شمارش موهبت ها در اوایل نوجوانی: مطالعه تجربی از قدرشناسی و رفاه ذهنی
|کد مقاله||سال انتشار||مقاله انگلیسی||ترجمه فارسی||تعداد کلمات|
|34547||2008||21 صفحه PDF||سفارش دهید||محاسبه نشده|
Publisher : Elsevier - Science Direct (الزویر - ساینس دایرکت)
Journal : Journal of School Psychology, Volume 46, Issue 2, April 2008, Pages 213–233
The development and manifestation of gratitude in youth is unclear. We examined the effects of a grateful outlook on subjective well-being and other outcomes of positive psychological functioning in 221 early adolescents. Eleven classes were randomly assigned to either a gratitude, hassles, or control condition. Results indicated that counting blessings was associated with enhanced self-reported gratitude, optimism, life satisfaction, and decreased negative affect. Feeling grateful in response to aid mediated the relationship between experimental condition and general gratitude at the 3-week follow-up. The most significant finding was the robust relationship between gratitude and satisfaction with school experience at both the immediate post-test and 3-week follow-up. Counting blessings seems to be an effective intervention for well-being enhancement in early adolescents.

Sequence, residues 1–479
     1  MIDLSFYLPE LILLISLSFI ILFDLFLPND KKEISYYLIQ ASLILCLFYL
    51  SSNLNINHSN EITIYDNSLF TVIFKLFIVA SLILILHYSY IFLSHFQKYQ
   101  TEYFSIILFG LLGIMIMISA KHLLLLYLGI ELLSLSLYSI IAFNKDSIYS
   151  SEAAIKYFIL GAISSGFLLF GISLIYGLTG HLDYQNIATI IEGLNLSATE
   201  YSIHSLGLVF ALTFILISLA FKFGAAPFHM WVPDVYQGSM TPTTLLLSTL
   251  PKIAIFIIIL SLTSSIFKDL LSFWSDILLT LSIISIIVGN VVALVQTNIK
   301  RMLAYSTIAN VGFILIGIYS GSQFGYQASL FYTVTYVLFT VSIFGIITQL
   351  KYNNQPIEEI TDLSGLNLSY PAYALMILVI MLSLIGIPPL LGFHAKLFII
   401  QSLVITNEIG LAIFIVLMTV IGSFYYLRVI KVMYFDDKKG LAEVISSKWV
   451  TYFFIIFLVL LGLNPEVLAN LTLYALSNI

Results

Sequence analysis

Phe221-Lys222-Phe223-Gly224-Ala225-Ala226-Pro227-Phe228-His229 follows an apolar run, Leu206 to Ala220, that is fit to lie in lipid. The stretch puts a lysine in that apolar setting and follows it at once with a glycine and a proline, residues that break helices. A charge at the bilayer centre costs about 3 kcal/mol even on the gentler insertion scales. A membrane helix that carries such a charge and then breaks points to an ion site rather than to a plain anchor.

Gratitude is not only the greatest of virtues, but the parent of all others. — Cicero Ingratitude! thou marble-hearted fiend, more hideous when thou show'st thee in a child than the sea-monster! — Shakespeare's King Lear A class of students was asked to identify the Seven Wonders of the World. With some minor disagreement, the following received the most attention: Egypt's great pyramids, Taj Mahal, Grand Canyon, Panama Canal, Empire State Building, St. Peter's Basilica, and China's Great Wall. However, there was one student who did not complete the assignment in time. When her teacher approached her, she stated that she was having some difficulty because there was so much to be grateful for and she could not decide that easily. Upon further inquiry, the student maintained that the Seven Wonders of the World were: to see, to hear, to touch, to taste, to feel, to laugh, and to love (C. Colligan, personal communication, February 27, 2006). Gratitude can be conceptualized as a virtue or as an emotional state. From the perspectives of moral philosophy and theology, gratitude is seen as a human strength that enhances one's personal and relational well-being and is beneficial for society as a whole (Simmel, 1950). McCullough, Kilpatrick, Emmons, and Larson (2001) theorized that gratitude is a moral affect—that is, one with moral precursors and consequences. They hypothesized that by experiencing gratitude, a person is motivated to carry out prosocial behavior, energized to sustain moral behaviors, and is inhibited from committing destructive interpersonal behaviors. Specifically, they posited that gratitude serves as a moral barometer, providing individuals with an affective readout that accompanies the perception that another person has treated them prosocially. Second, they posited that gratitude serves as a moral motive, stimulating people to behave prosocially after they have been the beneficiaries of other people's prosocial behavior. Third, they posited that gratitude serves as a moral reinforcer, encouraging prosocial behavior by reinforcing people for their previous good deeds. McCullough et al. adduced evidence from a wide variety of studies in personality, social, developmental and evolutionary psychology to support this conceptualization. As an emotion, gratitude stems from the perception that one has experienced a positive outcome that has been intentionally provided by another person or “moral agent,” often but not necessarily a person (Emmons & McCullough, 2003). The object of gratitude is other-directed to persons, as well as to impersonal (nature) or non-human sources (God, animals, the cosmos). Gratitude may be defined as “a sense of thankfulness and joy in response to receiving a gift, whether the gift be a tangible benefit from a specific other or a moment of peaceful bliss evoked by natural beauty” (Peterson & Seligman, 2004, p. 554). As an emotion, gratitude is an attribution-dependent state that results from two stages of information processing: (a) recognizing that one has obtained a positive outcome; and (b) recognizing that there is an external source for this positive outcome. In the present study, we operationalize gratitude in a manner identical to that followed by Emmons and McCullough (2003) in their gratitude intervention studies. Specifically, we ask school-aged children to focus on things in their lives for which they are grateful or thankful. Previous research has demonstrated this to be an effective strategy for activating grateful thoughts and feelings (Emmons and McCullough, 2003 and Sheldon and Lyubomirsky, 2006). Although embraced by philosophers, theologians, and popular authors, until recently gratitude has been largely ignored by the field of psychology (Emmons, 2004). Moreover, what research there is has been conducted solely with adults, resulting in a dearth of research on gratitude with children and adolescent populations. Given gratitude's relationship to happiness, hope, pride, optimism, positive mood, self-actualization, smooth interpersonal relationships, and a sense of community (Emmons & Shelton, 2002), a rigorous investigation of this positive emotion is vital if optimal psychological growth among early/late adolescents is to be fully understood. To this end, the purpose of the present investigation was to make the first attempt at determining the relationship between gratitude inducing behaviors (e.g., counting blessings) and well-being within an early adolescent population.